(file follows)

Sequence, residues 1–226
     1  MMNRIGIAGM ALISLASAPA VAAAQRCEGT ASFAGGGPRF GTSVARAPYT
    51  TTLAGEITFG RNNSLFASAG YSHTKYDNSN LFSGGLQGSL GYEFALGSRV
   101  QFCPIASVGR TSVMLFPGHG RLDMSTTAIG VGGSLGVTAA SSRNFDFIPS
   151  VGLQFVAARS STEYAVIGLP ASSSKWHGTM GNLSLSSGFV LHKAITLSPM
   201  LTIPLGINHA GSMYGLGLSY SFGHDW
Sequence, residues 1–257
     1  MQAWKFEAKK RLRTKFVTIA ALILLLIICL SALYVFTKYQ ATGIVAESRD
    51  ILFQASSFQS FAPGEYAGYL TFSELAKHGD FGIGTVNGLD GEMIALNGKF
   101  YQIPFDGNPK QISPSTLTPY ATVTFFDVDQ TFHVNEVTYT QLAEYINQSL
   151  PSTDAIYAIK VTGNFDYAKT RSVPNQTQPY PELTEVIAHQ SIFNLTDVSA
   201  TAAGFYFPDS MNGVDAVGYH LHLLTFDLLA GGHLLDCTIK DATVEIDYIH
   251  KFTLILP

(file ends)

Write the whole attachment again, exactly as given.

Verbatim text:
Sequence, residues 1–226
     1  MMNRIGIAGM ALISLASAPA VAAAQRCEGT ASFAGGGPRF GTSVARAPYT
    51  TTLAGEITFG RNNSLFASAG YSHTKYDNSN LFSGGLQGSL GYEFALGSRV
   101  QFCPIASVGR TSVMLFPGHG RLDMSTTAIG VGGSLGVTAA SSRNFDFIPS
   151  VGLQFVAARS STEYAVIGLP ASSSKWHGTM GNLSLSSGFV LHKAITLSPM
   201  LTIPLGINHA GSMYGLGLSY SFGHDW
Sequence, residues 1–257
     1  MQAWKFEAKK RLRTKFVTIA ALILLLIICL SALYVFTKYQ ATGIVAESRD
    51  ILFQASSFQS FAPGEYAGYL TFSELAKHGD FGIGTVNGLD GEMIALNGKF
   101  YQIPFDGNPK QISPSTLTPY ATVTFFDVDQ TFHVNEVTYT QLAEYINQSL
   151  PSTDAIYAIK VTGNFDYAKT RSVPNQTQPY PELTEVIAHQ SIFNLTDVSA
   201  TAAGFYFPDS MNGVDAVGYH LHLLTFDLLA GGHLLDCTIK DATVEIDYIH
   251  KFTLILP